Martha Lane Fox quits as government’s digital champion

Martha Lane Fox has resigned from her role as the government’s digital champion.

Martha Lane Fox quits as government's digital champion

The co-founder took up the role in 2010, with the aim of improving the delivery of public services online as well as encouraging more people to use the internet.

It’s not clear why she’s standing down, but in her resignation letter (PDF), she says she will remain a “critical friend” of the prime minister from her seat in the House of Lords. Baroness Lane Fox of Soho became a cross-bench peer earlier this year.

She cites her own achievements as assisting in the creation of Directgov, the single gateway for all the government’s online services; the Race Online 2012 campaign, which she claims helped “millions more people” on to the internet; and inspiring the creation of other digital champion roles across Europe.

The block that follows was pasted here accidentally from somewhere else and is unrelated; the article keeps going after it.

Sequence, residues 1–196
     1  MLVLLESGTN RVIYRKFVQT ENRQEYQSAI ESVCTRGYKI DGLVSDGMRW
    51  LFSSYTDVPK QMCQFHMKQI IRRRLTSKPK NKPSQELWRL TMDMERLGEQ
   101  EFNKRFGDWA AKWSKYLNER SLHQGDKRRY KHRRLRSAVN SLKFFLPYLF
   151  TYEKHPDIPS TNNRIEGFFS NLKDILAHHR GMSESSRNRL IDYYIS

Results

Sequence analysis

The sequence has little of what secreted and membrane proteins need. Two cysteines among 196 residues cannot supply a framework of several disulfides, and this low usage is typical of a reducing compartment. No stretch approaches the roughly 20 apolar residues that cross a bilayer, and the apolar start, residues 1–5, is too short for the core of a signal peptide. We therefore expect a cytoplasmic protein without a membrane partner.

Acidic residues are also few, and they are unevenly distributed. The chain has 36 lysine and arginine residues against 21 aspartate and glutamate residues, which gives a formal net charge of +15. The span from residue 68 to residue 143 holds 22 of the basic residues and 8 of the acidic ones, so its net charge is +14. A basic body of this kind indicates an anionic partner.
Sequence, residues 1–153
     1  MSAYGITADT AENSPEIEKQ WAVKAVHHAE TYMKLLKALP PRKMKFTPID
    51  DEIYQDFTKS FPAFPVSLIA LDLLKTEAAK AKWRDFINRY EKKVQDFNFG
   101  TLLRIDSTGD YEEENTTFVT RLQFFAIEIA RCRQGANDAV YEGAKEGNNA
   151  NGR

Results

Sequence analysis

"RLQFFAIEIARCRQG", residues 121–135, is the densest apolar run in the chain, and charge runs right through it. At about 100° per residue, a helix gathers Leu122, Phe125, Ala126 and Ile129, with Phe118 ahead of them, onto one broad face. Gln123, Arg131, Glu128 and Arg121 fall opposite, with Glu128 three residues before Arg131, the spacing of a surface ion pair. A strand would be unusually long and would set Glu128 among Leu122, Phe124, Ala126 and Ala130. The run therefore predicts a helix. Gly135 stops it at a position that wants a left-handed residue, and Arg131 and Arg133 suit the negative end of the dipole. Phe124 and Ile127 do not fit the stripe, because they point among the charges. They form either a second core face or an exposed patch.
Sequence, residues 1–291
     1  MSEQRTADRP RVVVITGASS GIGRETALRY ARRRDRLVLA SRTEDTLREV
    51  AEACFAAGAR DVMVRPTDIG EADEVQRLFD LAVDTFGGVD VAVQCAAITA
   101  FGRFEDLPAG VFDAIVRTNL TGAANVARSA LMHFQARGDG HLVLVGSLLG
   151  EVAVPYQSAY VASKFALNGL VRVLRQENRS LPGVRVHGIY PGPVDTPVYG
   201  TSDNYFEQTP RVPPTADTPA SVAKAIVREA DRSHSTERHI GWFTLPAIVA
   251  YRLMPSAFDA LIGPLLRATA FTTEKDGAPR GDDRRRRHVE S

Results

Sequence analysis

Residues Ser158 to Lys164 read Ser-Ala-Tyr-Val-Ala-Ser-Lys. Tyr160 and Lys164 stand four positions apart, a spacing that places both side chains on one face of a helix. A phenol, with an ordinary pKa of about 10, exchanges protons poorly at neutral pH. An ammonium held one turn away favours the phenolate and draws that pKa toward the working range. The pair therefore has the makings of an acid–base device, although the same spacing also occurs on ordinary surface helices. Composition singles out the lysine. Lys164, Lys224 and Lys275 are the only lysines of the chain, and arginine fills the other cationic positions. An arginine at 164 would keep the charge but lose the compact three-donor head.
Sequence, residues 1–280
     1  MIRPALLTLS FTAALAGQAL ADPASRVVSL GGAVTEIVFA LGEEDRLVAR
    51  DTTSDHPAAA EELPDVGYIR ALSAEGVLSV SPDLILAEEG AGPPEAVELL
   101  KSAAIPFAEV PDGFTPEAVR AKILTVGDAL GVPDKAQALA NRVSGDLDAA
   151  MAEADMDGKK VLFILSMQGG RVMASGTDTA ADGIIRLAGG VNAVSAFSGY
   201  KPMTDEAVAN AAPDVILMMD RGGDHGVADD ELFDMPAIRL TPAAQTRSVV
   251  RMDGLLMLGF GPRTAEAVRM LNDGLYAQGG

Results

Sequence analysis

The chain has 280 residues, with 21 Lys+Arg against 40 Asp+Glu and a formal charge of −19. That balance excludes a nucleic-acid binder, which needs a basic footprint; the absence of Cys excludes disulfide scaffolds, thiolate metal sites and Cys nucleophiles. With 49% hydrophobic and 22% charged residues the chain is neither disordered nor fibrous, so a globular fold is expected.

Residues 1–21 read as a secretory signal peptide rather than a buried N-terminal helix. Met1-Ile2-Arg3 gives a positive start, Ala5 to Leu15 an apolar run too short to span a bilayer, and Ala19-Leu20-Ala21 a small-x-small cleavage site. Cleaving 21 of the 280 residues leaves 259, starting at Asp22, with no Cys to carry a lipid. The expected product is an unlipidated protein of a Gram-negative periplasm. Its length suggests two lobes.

Official statistics certainly back up Lane Fox’s claim about digital inclusion. In 2010, 30.1 million Britons used the internet every day, according to the Office For National Statistics, rising to 36 million adults this year, although how many of those can be attributed to Race Online 2012 is unclear.

The prime minister paid tribute to Lane Fox, saying that she helped establish a “digital culture at the heart of government”.

She will continue to work as the chair of Go ON UK, the successor to Race Online 2012, which is focusing on improving Britons’ digital skills.

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